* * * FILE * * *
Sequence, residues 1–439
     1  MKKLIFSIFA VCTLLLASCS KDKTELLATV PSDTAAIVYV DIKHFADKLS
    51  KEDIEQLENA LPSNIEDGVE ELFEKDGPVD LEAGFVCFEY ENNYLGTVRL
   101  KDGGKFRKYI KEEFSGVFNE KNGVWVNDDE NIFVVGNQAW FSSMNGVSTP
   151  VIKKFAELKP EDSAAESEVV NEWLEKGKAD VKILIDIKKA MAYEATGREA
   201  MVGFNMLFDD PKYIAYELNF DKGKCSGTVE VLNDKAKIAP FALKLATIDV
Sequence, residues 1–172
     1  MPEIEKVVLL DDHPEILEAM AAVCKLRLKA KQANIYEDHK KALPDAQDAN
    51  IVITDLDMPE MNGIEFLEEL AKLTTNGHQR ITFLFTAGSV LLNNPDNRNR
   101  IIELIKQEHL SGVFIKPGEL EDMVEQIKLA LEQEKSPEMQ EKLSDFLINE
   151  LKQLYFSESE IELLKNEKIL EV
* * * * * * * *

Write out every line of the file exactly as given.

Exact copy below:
Sequence, residues 1–439
     1  MKKLIFSIFA VCTLLLASCS KDKTELLATV PSDTAAIVYV DIKHFADKLS
    51  KEDIEQLENA LPSNIEDGVE ELFEKDGPVD LEAGFVCFEY ENNYLGTVRL
   101  KDGGKFRKYI KEEFSGVFNE KNGVWVNDDE NIFVVGNQAW FSSMNGVSTP
   151  VIKKFAELKP EDSAAESEVV NEWLEKGKAD VKILIDIKKA MAYEATGREA
   201  MVGFNMLFDD PKYIAYELNF DKGKCSGTVE VLNDKAKIAP FALKLATIDV
Sequence, residues 1–172
     1  MPEIEKVVLL DDHPEILEAM AAVCKLRLKA KQANIYEDHK KALPDAQDAN
    51  IVITDLDMPE MNGIEFLEEL AKLTTNGHQR ITFLFTAGSV LLNNPDNRNR
   101  IIELIKQEHL SGVFIKPGEL EDMVEQIKLA LEQEKSPEMQ EKLSDFLINE
   151  LKQLYFSESE IELLKNEKIL EV